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See detailInheritance, gifts and the accumulation of wealth for low-income households
Morelli, Salvatore; Nolan, Brian; Palomino, Juan C. et al

in Journal of European Social Policy (2021), 31(5), 533-548

Many low-income households in rich countries have very little wealth, but the role of intergenerational wealth transmission in underpinning this deficit is not known. This article seeks to fill that gap ... [more ▼]

Many low-income households in rich countries have very little wealth, but the role of intergenerational wealth transmission in underpinning this deficit is not known. This article seeks to fill that gap by investigating patterns of past wealth transfer receipt for low-income versus other households in seven rich countries and assessing the contribution that these transfers, or their absence, make to current wealth levels. We find that households on low incomes are relatively disadvantaged in terms of intergenerational transfers received in the past, both in terms of the likelihood of having received any and the amounts received by those who do benefit from such transfers. The role that this disadvantage plays in the linkage between current low-income and low wealth is assessed and evidence presented that it is significant. Simulation of a universal wealth transfer scheme or ‘capital endowment’ on reaching adulthood for two countries shows that such a policy could lead to a marked decline in the proportion of low-income adults with negative or no wealth. This and alternative or complementary policy responses to these wealth deficits merit the most serious attention. [less ▲]

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See detailPost-crisis developments in young adults’ housing wealth
Dewilde, Caroline; Flynn, Lindsay UL

in Journal of European Social Policy (2021), 31(5), 580-596

How has housing wealth inequality changed for young-adult households in the post-financial crisis period, and what is driving such change? We chart a path for subsequent studies by analysing the ... [more ▼]

How has housing wealth inequality changed for young-adult households in the post-financial crisis period, and what is driving such change? We chart a path for subsequent studies by analysing the previously unexamined post-crisis housing wealth profile of young adults via different angles and using multiple inequality measures. Using household micro-data for 11 European countries (Household Finance and Consumption Survey, 2010–2017) and the United States (Survey of Consumer Finances, 2010–2016), we find that the accumulation of housing assets for 22–44 year olds is unevenly concentrated among high-income homeowners, over and above what would be expected given the well-known decline in homeownership. We describe and assess several potential drivers for these wealth profile changes, finding that the current explanations offered in the literature do not adequately account for the unequal wealth profile of young people. We conclude that a mix of dynamics, including housing market volatility, housing market configurations leading to uneven capital gains and losses, and the increased social selectivity of homeownership intersect to shape the ways that young adults navigate the housing market in post-crisis times. [less ▲]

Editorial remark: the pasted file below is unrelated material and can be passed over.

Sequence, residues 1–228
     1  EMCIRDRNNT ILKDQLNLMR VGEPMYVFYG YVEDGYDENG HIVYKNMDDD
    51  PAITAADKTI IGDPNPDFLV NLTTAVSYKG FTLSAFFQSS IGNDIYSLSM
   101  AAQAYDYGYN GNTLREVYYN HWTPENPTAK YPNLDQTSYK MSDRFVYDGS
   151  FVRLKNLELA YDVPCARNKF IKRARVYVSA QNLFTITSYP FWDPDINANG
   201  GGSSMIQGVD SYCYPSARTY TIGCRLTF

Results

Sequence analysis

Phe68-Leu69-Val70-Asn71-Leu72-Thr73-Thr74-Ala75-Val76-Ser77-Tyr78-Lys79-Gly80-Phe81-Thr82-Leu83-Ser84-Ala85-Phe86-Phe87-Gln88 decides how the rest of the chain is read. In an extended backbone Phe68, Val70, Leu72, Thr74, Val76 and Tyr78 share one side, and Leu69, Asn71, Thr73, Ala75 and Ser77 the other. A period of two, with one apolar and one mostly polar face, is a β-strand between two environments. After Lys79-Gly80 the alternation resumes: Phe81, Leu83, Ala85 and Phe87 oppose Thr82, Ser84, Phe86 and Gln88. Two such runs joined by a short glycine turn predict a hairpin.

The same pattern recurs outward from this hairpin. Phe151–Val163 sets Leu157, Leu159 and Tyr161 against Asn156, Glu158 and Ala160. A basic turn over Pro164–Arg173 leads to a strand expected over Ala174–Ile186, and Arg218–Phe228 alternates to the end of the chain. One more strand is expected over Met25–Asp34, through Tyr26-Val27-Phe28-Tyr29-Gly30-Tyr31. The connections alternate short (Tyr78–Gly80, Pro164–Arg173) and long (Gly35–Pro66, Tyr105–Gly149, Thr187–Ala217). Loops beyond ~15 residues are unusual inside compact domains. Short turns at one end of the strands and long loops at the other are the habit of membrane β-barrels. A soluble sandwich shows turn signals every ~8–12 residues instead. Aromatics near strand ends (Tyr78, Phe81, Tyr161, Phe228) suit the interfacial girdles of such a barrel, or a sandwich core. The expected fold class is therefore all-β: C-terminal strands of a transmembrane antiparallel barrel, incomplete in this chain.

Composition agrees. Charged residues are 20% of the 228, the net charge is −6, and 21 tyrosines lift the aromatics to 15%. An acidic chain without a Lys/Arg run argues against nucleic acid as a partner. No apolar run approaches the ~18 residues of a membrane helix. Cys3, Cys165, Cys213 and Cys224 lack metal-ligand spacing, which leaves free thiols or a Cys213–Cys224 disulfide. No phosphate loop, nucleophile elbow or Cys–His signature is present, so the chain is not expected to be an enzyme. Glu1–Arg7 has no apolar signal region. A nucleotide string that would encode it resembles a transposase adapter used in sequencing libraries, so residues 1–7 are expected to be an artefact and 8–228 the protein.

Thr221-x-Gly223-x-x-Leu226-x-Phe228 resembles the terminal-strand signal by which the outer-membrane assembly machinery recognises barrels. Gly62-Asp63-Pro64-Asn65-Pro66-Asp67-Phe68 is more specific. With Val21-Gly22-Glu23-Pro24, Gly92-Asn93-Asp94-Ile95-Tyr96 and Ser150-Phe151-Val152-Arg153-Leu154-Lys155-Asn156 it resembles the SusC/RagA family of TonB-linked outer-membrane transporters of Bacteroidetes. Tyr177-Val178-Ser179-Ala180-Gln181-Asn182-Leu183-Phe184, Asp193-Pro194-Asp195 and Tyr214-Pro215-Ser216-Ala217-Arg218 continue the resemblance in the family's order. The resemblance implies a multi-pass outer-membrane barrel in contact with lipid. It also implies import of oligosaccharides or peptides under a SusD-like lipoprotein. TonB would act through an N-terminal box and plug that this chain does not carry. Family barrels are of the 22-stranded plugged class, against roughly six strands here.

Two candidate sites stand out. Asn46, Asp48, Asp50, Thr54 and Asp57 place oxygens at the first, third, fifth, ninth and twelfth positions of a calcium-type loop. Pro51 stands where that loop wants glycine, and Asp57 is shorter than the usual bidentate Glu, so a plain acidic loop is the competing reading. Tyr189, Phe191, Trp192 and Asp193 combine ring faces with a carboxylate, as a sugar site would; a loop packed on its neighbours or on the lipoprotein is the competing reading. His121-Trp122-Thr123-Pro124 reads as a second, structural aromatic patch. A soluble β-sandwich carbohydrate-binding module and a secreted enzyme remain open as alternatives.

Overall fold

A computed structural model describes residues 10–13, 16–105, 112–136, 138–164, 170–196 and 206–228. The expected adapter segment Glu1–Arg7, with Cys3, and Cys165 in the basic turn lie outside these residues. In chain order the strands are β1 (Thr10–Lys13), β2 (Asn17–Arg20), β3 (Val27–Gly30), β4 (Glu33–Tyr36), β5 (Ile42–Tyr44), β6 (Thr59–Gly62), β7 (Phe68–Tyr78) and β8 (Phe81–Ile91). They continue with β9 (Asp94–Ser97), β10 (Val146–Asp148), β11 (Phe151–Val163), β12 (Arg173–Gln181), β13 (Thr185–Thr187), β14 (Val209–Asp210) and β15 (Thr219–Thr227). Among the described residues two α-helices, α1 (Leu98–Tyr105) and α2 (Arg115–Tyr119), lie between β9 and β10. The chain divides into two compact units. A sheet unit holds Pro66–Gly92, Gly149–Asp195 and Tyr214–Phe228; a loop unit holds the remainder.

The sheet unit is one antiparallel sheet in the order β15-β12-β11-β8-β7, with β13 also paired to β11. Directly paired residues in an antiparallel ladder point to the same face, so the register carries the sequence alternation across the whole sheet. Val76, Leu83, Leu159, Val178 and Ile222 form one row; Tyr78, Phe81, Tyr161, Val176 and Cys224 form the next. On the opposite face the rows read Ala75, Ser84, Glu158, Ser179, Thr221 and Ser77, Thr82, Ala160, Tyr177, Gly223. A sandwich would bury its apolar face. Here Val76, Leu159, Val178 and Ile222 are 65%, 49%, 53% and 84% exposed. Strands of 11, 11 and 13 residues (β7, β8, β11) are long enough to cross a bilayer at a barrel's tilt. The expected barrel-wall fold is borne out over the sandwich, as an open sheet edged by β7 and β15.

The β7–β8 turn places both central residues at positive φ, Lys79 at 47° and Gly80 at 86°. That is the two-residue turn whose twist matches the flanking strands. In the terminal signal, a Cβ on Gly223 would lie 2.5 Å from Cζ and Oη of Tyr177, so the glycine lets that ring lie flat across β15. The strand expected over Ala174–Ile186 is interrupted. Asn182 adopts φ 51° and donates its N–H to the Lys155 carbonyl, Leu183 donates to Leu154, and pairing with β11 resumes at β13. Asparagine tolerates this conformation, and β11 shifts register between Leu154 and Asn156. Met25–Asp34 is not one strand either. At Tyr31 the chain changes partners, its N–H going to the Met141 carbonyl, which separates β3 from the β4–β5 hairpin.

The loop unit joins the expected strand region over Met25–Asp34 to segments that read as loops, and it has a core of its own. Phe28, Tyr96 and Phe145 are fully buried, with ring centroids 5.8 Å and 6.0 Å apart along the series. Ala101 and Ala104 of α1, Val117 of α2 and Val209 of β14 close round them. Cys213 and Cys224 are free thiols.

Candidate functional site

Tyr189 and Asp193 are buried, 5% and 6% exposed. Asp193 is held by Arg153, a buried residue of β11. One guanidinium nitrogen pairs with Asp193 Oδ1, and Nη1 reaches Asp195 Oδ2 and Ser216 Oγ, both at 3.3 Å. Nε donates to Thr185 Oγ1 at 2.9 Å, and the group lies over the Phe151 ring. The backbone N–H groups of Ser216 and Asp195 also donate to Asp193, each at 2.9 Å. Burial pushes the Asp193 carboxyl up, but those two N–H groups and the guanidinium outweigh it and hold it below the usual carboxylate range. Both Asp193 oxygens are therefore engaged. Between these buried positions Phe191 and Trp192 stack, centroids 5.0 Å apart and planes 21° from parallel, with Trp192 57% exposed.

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See detailChildcare Markets and Maternal Employment: A Typology
Flynn, Lindsay UL

in Journal of European Social Policy (2017), 27(3), 260-275

How does the structure of a country’s childcare market influence maternal employment? Childcare markets vary across countries, leading mothers to rely on various forms of care depending on what is ... [more ▼]

How does the structure of a country’s childcare market influence maternal employment? Childcare markets vary across countries, leading mothers to rely on various forms of care depending on what is available to them in both the public (state-provided) and private (non-state) childcare markets. Maternal employment is higher in countries that combine comprehensive childcare policies with an available and affordable private care market. When aspects of either the public or private market are lacking, the employment of mothers, and especially mothers with young children, is lower. This article proposes a fourfold classification scheme based on the type of ‘penalty’ that women experience in the labour market as mothers. It then links each penalty to distinct policy structures of childcare markets and shows that the four penalties are visible at both the country and individual level. By articulating how public and private care markets work in concert to shape maternal employment, this article adds to a literature that to date has focused primarily on the role of public childcare in reconciling work and family. [less ▲]

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